From The Metropolis to the Margins (3 credits) - ENLG 401, 199 or 499
You will receive credit for all academic courses taken on this program. and all of your grades from abroad will count toward your Penn State cumulcaitve GPA. You may not take any courses overseas on a Pass/Fail basis.
Students may not fulfill the GHA (General Health and Activity) general education requirements abroad.
The program is open to all Penn State students with a minimum 2.5 GPA. Students are encouraged to apply by the February 1, deadline, as enrollment is limited.
All students must hold a passport which is valid until six months after the last day of the program (or date of return to U.S if students is extending travel)
For information regarding programs costs, please be sure to review the budgets sheets listed above. These budget sheets include information regarding costs that are billable to the bursar bill, as well as estimated additional costs. Costs vary by program, so please be sure to review this information carefully. Please note that tuition rates above may vary depending on major and class standing.
Financial Aid and Scholarships
Students can request financial aid for the summer semester through the Penn State Office of Student Aid. Penn State students studying through Education Abroad may use most components of their existing financial aid packages toward the cost of study abroad. This may include federal and state grants, VA educational benefits, federal student loans, and University scholarships and grants. Notable exceptions include work study awards and some athletic scholarships. Students can also request financial aid for the summer semester through the Penn State Office of Student Aid.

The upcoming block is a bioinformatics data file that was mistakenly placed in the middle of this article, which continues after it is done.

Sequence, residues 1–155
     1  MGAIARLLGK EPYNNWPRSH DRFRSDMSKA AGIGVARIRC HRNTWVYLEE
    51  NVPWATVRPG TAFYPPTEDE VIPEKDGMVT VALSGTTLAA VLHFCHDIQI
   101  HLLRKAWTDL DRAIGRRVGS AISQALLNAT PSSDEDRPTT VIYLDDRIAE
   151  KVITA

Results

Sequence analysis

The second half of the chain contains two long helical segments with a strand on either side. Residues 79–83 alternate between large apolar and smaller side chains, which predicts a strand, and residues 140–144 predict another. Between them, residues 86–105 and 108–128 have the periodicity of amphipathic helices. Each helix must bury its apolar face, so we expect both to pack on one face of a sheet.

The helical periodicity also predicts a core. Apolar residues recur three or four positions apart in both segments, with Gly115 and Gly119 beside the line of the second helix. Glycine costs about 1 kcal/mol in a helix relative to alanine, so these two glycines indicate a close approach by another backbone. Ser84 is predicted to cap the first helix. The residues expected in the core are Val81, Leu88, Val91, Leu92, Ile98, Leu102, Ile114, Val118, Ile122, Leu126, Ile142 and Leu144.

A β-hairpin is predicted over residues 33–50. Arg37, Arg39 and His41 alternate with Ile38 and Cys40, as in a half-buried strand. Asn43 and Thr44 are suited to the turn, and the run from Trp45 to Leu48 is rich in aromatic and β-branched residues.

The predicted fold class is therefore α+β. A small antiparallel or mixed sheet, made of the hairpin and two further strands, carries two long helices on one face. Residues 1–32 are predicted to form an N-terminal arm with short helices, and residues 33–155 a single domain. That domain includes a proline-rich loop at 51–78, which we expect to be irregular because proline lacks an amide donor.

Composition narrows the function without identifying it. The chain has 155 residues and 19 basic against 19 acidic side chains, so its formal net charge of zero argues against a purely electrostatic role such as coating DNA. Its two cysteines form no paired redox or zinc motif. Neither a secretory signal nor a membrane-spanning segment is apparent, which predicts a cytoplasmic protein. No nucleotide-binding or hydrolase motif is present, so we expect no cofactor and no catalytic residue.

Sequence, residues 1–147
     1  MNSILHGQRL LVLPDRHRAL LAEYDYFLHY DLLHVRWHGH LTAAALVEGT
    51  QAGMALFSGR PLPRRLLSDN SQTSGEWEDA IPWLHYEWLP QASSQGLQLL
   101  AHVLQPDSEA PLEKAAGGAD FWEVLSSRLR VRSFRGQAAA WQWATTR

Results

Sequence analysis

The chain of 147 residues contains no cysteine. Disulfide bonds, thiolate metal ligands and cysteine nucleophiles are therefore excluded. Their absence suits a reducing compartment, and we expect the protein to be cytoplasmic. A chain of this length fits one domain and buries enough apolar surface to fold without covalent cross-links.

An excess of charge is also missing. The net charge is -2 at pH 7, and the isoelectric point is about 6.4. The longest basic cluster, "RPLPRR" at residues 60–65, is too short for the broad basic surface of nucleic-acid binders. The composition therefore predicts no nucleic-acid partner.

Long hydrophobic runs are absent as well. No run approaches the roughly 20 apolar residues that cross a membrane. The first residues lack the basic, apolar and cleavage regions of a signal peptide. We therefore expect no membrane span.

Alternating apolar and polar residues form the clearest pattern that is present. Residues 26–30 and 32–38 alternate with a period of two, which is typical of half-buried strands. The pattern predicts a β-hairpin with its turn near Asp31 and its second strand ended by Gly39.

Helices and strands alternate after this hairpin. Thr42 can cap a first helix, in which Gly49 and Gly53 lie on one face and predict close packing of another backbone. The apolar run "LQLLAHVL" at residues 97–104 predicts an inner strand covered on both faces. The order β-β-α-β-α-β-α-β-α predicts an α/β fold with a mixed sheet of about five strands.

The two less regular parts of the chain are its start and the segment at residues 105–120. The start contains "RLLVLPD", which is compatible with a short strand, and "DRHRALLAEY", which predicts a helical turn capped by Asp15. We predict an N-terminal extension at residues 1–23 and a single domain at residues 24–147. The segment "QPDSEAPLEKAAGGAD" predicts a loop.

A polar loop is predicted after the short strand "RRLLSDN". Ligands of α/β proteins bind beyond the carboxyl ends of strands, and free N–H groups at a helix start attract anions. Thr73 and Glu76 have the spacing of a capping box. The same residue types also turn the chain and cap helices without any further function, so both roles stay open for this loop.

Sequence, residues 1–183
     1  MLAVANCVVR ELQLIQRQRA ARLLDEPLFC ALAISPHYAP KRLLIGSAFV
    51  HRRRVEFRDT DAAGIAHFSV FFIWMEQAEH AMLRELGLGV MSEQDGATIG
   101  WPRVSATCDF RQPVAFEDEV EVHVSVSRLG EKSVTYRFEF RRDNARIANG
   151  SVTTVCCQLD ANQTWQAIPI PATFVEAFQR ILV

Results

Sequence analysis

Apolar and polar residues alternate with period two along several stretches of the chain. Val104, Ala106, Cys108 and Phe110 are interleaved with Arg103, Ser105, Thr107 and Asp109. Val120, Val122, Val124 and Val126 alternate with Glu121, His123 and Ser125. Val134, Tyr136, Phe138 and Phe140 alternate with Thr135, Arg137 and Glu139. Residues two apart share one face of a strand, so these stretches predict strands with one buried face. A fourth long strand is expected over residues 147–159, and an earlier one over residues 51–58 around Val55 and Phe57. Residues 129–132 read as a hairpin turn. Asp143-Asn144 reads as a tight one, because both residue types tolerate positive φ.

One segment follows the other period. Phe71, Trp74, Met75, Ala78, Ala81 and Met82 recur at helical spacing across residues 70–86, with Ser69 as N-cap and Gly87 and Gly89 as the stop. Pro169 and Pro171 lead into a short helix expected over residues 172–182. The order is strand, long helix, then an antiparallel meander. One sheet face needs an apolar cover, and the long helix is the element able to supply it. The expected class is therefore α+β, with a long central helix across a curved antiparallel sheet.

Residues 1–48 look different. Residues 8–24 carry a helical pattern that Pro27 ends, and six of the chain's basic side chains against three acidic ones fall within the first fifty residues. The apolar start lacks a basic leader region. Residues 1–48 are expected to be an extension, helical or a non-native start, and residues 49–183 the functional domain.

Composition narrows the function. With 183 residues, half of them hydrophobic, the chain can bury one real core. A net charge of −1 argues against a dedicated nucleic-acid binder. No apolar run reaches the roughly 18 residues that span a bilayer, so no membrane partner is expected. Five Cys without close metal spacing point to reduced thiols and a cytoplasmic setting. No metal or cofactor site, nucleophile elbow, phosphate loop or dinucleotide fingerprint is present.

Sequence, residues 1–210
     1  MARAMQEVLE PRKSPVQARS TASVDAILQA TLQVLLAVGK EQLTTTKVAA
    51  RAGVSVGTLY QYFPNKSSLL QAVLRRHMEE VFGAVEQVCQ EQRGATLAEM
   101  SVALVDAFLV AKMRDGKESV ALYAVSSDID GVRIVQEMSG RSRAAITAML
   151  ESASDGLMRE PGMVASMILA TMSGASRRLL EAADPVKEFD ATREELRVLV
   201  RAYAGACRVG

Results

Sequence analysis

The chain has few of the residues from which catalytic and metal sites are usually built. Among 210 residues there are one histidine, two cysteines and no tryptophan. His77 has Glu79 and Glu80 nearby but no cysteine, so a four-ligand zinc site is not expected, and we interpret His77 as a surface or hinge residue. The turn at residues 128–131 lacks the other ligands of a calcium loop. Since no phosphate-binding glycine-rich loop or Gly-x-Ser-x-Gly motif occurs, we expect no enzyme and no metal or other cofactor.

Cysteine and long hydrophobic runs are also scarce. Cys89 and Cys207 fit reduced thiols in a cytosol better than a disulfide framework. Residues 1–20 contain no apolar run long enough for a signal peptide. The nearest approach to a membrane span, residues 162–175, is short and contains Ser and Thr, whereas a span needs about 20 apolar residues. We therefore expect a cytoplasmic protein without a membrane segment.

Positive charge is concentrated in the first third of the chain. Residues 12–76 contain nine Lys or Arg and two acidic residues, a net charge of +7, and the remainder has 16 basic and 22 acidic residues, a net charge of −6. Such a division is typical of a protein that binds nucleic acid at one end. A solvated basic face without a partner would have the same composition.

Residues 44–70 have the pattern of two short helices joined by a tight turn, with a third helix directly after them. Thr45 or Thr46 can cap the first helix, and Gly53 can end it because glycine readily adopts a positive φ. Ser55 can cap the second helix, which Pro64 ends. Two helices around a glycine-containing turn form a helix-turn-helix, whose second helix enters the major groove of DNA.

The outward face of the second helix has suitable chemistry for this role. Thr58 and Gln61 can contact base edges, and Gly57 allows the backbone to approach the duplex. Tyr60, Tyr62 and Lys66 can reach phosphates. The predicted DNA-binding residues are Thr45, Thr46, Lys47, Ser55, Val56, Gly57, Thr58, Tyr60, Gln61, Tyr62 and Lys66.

The University Office of Global Programs also administers a number of grants and scholarships. Eligibility is based on academic excellence and/or financial need. There is also funding abailable for study abroad programs in diverse locations and for students from diverse backgrounds. In most cases, applicants should have a current year FAFSA on file with the Office of Student Aid. Fudning opportunities may also be available through Penn State academic departments. For detailed information on financial aid and scholarship opportunities, including application procedures, please see Funding Study Abroad.
For More Information
For more information about this program and education abroad at Penn State, we encourage you to meet with our Peer Advisers. these study abroad returnees can explain program pptions, give an overview of the education abroad process, as well as provide information about his/her program. If you're not at University Park, contact your Campus Global Representative.
Professor Richard Doyle
will be the faculty leader for the 2014 program. To learn more about the specifics of the program, schedule an appointment with Nimisha Thakur
, the education abroad adviser for this program.
For the inside scoop on life in a foreign country, be sure to check out the GeoBlogs of Penn State students currently studying abroad.
APPLICATION DEADLINE is February 1, 2014